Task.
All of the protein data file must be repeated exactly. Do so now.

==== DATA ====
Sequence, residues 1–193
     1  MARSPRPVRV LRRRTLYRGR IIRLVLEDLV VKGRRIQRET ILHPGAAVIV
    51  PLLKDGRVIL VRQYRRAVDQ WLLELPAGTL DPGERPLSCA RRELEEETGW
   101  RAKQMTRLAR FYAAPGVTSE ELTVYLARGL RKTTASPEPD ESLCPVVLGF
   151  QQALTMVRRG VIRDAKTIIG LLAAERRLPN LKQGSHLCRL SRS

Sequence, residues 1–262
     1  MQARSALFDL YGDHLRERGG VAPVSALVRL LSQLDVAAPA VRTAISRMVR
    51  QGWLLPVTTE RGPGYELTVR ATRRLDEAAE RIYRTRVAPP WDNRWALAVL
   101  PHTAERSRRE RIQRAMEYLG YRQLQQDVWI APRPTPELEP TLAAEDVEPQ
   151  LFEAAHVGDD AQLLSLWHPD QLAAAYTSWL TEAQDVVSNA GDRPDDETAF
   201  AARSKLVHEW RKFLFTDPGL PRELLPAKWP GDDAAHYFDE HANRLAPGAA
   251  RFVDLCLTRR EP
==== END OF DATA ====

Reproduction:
Sequence, residues 1–193
     1  MARSPRPVRV LRRRTLYRGR IIRLVLEDLV VKGRRIQRET ILHPGAAVIV
    51  PLLKDGRVIL VRQYRRAVDQ WLLELPAGTL DPGERPLSCA RRELEEETGW
   101  RAKQMTRLAR FYAAPGVTSE ELTVYLARGL RKTTASPEPD ESLCPVVLGF
   151  QQALTMVRRG VIRDAKTIIG LLAAERRLPN LKQGSHLCRL SRS

Sequence, residues 1–262
     1  MQARSALFDL YGDHLRERGG VAPVSALVRL LSQLDVAAPA VRTAISRMVR
    51  QGWLLPVTTE RGPGYELTVR ATRRLDEAAE RIYRTRVAPP WDNRWALAVL
   101  PHTAERSRRE RIQRAMEYLG YRQLQQDVWI APRPTPELEP TLAAEDVEPQ
   151  LFEAAHVGDD AQLLSLWHPD QLAAAYTSWL TEAQDVVSNA GDRPDDETAF
   201  AARSKLVHEW RKFLFTDPGL PRELLPAKWP GDDAAHYFDE HANRLAPGAA
   251  RFVDLCLTRR EP